govern, do other saw mom, there's some european laws that that govern google, but like we do. Historically, we have understood that at the government has a monopoly on the legitimate use of force and when you're talking about an entity that the powder the police and the army after you weedy to have greater restrictions on them, then a private company right, but the flip side of that is that if you give a company like Google a legal or financial incentive to build a massive surveillance network, whatever they build, is going to go far beyond anything. The gop, or at least legally, can go far beyond whatever the government is capable of doing because the government, ass to comply with the first and fourth amendment you that there are judicially enforceable strictures? Oh, what the government can do the strictures on Google are just so much weaker, but are the reason we're having some either
bates we're having right now about light censorship on twitter or lie, you think now when Donald trump was banned from twitter, for example like, I think, a big reason why a lot of people got mad about that is because of a twitter can't send the police after you, but twitter has, I think, more power over the discourse than any private entity that existed at all had fifty years ago, and you know Google has even more power and so there's a sense that these institute and they live in this zone, where you they're, not quite the government, but they can't send someone to forced their way into your home and shoot you if a if they don't like that that sub something that you're doing, but they also arts. A newspaper in ninety fifty two or something like that. You know these are companies that wheeled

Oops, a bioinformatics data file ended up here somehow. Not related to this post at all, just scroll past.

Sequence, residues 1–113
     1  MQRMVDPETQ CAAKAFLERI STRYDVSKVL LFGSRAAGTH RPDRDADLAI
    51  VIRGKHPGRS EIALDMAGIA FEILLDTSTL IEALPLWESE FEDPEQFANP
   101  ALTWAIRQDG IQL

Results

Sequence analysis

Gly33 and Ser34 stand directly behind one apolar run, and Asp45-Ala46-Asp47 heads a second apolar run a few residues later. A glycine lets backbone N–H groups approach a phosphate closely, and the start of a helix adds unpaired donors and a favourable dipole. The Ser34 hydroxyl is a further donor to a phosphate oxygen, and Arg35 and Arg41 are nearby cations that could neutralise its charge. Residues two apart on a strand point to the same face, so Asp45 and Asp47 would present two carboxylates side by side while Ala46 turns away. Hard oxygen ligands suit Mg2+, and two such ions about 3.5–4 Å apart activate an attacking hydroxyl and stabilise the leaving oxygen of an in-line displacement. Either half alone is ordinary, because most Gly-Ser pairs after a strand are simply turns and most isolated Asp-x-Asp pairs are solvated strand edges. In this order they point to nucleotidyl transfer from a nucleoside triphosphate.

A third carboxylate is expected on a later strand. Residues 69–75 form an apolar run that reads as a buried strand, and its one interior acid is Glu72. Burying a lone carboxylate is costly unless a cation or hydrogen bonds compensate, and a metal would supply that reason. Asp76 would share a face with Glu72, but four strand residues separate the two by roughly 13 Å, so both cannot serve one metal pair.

an immense amount of power and had them in a bench capacity both for surveillance and to decide like you know what sort of content we see him a kind of content. We don't see and congress hasn't written a wall to deal with that. Writing that lobby very hard, because that law would have to comply with the first man right, and so I think you, the broader context that these cases arise in is that I think yo. Many many people, certainly I am- are really squeaked out by the amount of cultural power that companies like Google or facebook or twitter wheeled. But, like we don't know what the right legal regime is too,